NG: Well, look, I think that’s an important part of what makes America so unique, and it’s something that the French observer Alexis de Tocqueville wrote about in the 1830s. He said, America is not just government and it’s not just business. It is also going to be a country where people organize themselves voluntarily to help their own communities in a way that virtually no other country in the world does. He was very passionate about this. He thought it was one of the things that made us such a unique country. And I think as a result, we have been in a position to organize ourselves to do things that other countries have found very, very hard.
BM: I want to go now from the really local level, the civil society space, and I want to go all the way to the international stage, where you’ve done a lot of great thinking, a lot of writing. Your book that came out last year, “Trump vs. China: Facing America’s Greatest Threat” — very prophetic, in many ways, in terms of where we are with China right now. Give us just a quick snapshot of how you think that relationship is. And I want to ask you specifically, I think one of the big threats to American entrepreneurs and businesses is the intellectual property problem in China. Give us some international perspective.
NG: Well, I wrote “Trump vs. China” because I felt that this was a huge issue that we had to engage in. And we had to recognize that China was not what we thought it was. That in fact, the Chinese have been very, very difficult to deal with. By every standard that I’m aware of, they have cheated dramatically on their willingness to steal things.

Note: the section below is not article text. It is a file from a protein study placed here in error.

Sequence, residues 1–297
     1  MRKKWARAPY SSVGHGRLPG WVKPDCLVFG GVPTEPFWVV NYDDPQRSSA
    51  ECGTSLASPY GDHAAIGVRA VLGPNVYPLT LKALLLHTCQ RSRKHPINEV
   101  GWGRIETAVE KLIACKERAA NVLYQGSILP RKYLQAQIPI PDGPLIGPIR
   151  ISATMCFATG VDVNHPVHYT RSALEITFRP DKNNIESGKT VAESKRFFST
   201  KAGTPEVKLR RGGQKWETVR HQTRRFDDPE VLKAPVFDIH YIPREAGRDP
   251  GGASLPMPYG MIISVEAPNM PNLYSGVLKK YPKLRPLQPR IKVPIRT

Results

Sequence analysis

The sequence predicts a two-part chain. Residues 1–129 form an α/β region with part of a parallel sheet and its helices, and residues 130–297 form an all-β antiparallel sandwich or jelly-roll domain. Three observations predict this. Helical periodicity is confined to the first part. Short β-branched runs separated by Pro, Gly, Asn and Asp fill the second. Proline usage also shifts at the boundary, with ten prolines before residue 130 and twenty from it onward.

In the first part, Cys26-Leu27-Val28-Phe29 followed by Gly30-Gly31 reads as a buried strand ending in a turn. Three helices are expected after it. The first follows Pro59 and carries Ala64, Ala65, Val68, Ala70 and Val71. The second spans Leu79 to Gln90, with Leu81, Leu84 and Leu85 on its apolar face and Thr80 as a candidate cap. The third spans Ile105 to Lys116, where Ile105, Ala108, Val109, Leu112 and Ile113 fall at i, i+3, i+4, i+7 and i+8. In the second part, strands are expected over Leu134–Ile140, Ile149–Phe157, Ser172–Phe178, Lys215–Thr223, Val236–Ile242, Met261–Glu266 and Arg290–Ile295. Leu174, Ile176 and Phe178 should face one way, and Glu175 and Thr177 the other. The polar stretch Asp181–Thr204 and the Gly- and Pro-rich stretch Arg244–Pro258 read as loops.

Obama’s director of national intelligence said, at one point in 2015, that the Chinese steal between four and five hundred billion dollars a year in intellectual property, more than all of our exports to China combined. We’re just not used to dealing with a country that thinks and acts at that level. And as a result, they have, on such a significant number of occasions, taken advantage of us. I think that’s something we really have to come to grips with. And it’s a little difficult because it’s hard for Americans to believe that there could be a totalitarian government, which, as a matter of automatic behavior, tries to steal from all of its neighbors. But that’s reality. That is who we’re dealing with. And therefore, I think we’re going to have to find ways to to be able to deal with them and to be able to be much tougher-minded than we have been up to now.